A government proposal to pay £500 to everyone in England who tests positive for Covid-19 has been welcomed by a leading thinktank while some experts warned it could act as “a bounty” for people to catch the disease.
The idea is described as the “preferred position” of the health secretary Matt Hancock’s department and is part of a planned overhaul of the self-isolation support scheme revealed by the Guardian.
George Eustice, the environment secretary, confirmed on Friday that the idea was under review and it is understood that it will be considered by the government’s coronavirus operations committee in the next few days.
Other government sources, however, played down this specific proposal – which would cost up to £453m a week, 12 times the current scheme – but acknowledged that a more generous package of support is on the way.
The Resolution Foundation thinktank said only one in eight workers are currently eligible for the £500 lump sum if they are told to self-isolate. The main fund currently excludes many small business owners, sole traders, self-employed workers and parents whose children have been told to self-isolate.
Maja Gustafsson, a researcher at the Resolution Foundation, said: “It’s very welcome that the government is considering radically extending financial support to those asked to self-isolate. With many difficult months remaining ahead of us, it is essential that people are able to comply with the test-and-trace regime without facing financial hardship as a result.
“The current approach is not fit for purpose, with statutory sick pay among the least generous of advanced economies and far too few people eligible for the £500 support payments. Swiftly putting in place a much more universal and generous system will make a real difference to controlling the spread of the virus.”
The overhaul has been prompted by Cabinet Office polling indicating that only 17% of people with symptoms are coming forward for testing, according to an “official sensitive” policy paper drawn up by the Department of Health and Social Care (DHSC) and seen by the Guardian.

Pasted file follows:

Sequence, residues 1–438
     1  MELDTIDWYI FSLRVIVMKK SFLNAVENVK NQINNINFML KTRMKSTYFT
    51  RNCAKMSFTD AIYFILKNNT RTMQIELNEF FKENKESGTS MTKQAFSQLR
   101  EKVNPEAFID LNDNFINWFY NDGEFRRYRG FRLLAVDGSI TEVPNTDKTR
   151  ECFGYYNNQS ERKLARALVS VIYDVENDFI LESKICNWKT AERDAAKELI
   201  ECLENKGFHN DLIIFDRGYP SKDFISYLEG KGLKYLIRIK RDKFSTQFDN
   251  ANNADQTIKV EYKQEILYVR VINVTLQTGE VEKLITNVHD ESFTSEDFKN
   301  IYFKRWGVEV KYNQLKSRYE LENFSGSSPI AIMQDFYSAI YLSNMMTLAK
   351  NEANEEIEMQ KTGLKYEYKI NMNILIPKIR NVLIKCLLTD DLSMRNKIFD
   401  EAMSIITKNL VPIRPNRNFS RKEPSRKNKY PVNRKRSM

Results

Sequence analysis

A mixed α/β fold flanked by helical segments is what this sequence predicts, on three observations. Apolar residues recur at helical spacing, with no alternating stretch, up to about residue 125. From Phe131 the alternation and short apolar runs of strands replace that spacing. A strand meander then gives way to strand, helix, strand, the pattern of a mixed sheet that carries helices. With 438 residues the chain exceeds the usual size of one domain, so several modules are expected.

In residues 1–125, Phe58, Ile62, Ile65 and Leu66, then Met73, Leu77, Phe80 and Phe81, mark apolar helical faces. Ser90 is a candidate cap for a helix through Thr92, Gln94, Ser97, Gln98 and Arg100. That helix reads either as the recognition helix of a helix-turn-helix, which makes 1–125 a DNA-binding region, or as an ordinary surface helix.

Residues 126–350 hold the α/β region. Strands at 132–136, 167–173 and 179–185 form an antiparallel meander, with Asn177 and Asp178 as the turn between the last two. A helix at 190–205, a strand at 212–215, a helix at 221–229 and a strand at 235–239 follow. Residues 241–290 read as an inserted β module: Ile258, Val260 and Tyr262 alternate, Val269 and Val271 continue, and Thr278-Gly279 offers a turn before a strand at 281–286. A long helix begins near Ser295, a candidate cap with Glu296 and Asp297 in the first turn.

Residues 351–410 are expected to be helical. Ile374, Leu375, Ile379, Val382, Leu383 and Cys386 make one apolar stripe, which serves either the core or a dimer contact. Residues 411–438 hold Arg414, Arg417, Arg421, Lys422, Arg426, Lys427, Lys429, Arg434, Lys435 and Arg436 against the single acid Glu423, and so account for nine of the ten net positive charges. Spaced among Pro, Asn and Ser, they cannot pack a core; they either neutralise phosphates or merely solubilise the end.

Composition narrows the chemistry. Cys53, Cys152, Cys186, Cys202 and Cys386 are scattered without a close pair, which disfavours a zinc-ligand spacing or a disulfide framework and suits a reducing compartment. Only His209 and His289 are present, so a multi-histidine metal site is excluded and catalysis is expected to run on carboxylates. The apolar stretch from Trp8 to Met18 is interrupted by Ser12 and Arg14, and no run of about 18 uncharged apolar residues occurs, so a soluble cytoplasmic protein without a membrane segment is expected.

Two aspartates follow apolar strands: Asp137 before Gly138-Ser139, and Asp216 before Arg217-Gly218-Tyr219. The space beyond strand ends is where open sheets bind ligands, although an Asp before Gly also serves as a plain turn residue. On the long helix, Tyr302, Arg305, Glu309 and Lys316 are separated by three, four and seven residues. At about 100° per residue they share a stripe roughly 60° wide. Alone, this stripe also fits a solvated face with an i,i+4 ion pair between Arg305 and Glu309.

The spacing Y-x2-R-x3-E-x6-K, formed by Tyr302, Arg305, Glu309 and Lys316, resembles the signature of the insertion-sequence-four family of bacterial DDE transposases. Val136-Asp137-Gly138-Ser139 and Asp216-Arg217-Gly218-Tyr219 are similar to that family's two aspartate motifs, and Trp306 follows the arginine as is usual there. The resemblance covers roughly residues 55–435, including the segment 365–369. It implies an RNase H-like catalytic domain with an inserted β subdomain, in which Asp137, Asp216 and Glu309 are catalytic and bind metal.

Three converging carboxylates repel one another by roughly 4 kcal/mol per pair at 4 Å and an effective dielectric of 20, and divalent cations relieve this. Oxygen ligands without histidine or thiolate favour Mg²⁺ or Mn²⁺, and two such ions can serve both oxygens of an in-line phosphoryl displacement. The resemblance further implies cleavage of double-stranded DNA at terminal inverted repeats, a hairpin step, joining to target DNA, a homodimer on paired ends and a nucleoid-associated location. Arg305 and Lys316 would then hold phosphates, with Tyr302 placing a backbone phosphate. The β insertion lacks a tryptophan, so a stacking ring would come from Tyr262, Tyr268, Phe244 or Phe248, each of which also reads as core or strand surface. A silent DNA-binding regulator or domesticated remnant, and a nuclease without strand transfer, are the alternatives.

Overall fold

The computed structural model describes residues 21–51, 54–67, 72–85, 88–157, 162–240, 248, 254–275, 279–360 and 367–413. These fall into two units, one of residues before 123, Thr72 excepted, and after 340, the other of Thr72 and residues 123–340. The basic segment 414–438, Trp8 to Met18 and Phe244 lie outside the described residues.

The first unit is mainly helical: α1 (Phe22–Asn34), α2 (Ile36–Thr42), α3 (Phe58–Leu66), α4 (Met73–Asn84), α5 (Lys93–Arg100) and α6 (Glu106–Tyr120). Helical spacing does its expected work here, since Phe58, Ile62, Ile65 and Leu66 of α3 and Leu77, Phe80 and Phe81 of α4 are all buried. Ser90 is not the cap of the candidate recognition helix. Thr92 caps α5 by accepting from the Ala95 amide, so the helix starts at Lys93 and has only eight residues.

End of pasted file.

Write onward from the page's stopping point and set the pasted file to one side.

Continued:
Another survey carried out for the DHSC, discussed in the report, found that only one in four people reported compliance with self-isolation, with 15% going to work as normal. However, in a survey by NHS Test and Trace in the summer, 58% of people said they did not leave their home during self-isolation and 88% said they did not have close contact with anyone from outside their household.
Prof Stephen Reicher, who is advising the government’s coronavirus response, said universal payments to self-isolate must form an “essential element of our pandemic response”.
The Scientific Pandemic Insights Group on Behaviours (Spi-B) adviser told BBC News: “You can’t have a bureaucratic system, you can’t have a system where people don’t know whether they will get the support or not, it has to be immediate. The way to do that is to make it universal.”
Duncan Robertson, of Loughborough University’s School of Business and Economics, warned that the policy could have unintended consequences: “We need to ensure that people are incentivised to come forward for a test, to self-isolate if that test is positive, and not to become infected to collect the bounty.”
The DHSC policy paper, dated 19 January, plays down this risk, stating: “It could possibly cause perverse incentives for some people who are not working to catch the virus in order to test positive and be paid £500, but the likelihood of this is considered low.”
Prof Susan Michie, director of the Centre for Behaviour Change at University College London and a member of Spi-B, said it would be very difficult to bring infection levels down without more support for those who cannot afford to self-isolate: “There is a particular group of people who I think would need more than that £500. But at least the government is recognising that this is a key weakness in the whole pandemic strategy because if you have 82% of people with symptoms wandering around the community, it’s very, very difficult to bring this level down.”